Support The Moscow Times!

Driver in Deadly Siberian Crash Amnestied Without Serving Day in Prison

The two women hit by Shavenkova's car in December 2009 were Yelena Pyatkova, 34, who died in the hospital, and her sister Yulia, then 27, who was left severely disabled by the accident.

A driver who caused a high-profile fatal crash in the Siberian city of Irkutsk has been amnestied without serving a single day in prison, local news website cited prosecutors as saying Monday.

The 2009 crash elicited outrage around Russia after CCTV footage was released showing the then-28-year-old Anna Shavenkova veering up onto the sidewalk at high speed, crushing two sisters against a wall, before getting out, apparently calmly inspecting her car for damage and then calling her mother, a senior local official. One of the sisters died of her injuries, while the other was left permanently disabled.

Shavenkova was sentenced to 2 1/2 years in prison in 2010, but never served a day behind bars as the sentence was postponed to 2024 because at the time of her trial, she had a newborn child.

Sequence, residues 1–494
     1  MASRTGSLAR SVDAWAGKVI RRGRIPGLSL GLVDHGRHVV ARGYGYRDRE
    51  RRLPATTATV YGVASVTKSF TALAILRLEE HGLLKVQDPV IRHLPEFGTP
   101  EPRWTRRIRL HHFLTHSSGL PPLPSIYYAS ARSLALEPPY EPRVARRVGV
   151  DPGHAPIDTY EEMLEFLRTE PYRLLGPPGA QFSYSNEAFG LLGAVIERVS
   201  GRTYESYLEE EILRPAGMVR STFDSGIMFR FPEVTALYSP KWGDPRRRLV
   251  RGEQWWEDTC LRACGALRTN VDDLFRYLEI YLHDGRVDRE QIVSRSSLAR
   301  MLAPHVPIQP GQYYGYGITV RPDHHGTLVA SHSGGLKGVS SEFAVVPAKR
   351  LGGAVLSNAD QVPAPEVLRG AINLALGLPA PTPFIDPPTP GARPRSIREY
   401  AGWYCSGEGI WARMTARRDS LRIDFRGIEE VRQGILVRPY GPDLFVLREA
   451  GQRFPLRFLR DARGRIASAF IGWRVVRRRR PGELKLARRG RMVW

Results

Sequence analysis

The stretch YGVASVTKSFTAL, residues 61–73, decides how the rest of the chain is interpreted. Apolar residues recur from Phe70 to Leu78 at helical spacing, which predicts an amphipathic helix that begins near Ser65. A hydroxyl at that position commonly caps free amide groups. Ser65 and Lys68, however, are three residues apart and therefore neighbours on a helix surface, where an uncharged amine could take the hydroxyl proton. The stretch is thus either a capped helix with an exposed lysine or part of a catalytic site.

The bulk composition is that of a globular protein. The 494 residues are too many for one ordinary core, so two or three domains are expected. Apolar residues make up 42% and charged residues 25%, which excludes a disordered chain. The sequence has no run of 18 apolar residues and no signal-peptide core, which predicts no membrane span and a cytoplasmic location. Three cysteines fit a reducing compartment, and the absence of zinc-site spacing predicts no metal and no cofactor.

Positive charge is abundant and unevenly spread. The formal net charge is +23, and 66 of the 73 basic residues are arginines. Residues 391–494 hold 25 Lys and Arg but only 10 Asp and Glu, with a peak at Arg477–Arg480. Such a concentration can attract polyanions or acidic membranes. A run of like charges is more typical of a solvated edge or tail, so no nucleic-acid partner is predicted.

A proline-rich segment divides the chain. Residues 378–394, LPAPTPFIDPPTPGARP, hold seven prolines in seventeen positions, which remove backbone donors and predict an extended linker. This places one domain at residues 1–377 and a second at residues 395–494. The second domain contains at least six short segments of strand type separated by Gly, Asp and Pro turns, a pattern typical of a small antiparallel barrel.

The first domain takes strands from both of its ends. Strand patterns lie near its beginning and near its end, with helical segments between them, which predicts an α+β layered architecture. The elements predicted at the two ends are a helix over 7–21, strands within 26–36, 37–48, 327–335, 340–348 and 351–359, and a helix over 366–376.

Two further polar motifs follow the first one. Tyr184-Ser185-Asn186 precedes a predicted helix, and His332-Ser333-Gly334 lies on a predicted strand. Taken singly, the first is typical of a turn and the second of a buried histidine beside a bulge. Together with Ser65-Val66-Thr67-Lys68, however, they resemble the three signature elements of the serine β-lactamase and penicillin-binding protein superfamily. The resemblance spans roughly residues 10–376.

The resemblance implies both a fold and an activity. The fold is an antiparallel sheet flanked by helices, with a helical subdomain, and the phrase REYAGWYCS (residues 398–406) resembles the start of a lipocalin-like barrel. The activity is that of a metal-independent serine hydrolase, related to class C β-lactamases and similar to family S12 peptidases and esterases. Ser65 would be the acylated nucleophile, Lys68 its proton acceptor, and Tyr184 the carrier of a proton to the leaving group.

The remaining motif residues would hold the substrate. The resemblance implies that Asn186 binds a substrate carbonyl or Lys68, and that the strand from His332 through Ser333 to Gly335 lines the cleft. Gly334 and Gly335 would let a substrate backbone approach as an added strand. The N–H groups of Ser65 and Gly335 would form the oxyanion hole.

Shavenkova has now been pardoned under an amnesty that Russia's parliament approved last month to mark 70 years since the victory of the Soviet Union and its allies over Nazi Germany in World War II.

The two women hit by Shavenkova's car in December 2009 were Yelena Pyatkova, 34, who died in the hospital, and her sister Yulia, then 27, who was left severely disabled by the accident.

Shavenkova, who worked in the local administration, faced allegations that she was protected from a harsher sentence by her influential mother, who served in the region's electoral commission. There was a public outcry over Shavenkova's apparent callousness at the scene of the crash.

"What sort of repentance can we possible talk about here?" Dmitry Pyatkov, the brother of the victims, was quoted as saying Monday by Yulia Pyatkova will seek to get the decision to amnesty Shavenkova overturned, the Vesti television channel reported Monday.

The amnesty, which is expected to impact up to 400,000 people, does not cover those accused of serious crimes, including murder, or those found guilty of causing car accidents in which two or more people died.

Contact the author at

Read more